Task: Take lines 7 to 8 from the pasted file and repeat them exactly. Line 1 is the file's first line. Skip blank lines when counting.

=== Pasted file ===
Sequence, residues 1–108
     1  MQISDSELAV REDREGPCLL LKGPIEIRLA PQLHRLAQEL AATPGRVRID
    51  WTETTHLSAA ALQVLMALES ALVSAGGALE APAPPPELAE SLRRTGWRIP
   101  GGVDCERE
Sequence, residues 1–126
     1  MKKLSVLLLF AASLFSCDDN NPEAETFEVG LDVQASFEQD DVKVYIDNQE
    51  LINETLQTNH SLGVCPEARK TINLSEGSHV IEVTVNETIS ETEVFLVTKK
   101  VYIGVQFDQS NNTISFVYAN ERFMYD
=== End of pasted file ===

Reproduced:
    51  LINETLQTNH SLGVCPEARK TINLSEGSHV IEVTVNETIS ETEVFLVTKK
   101  VYIGVQFDQS NNTISFVYAN ERFMYD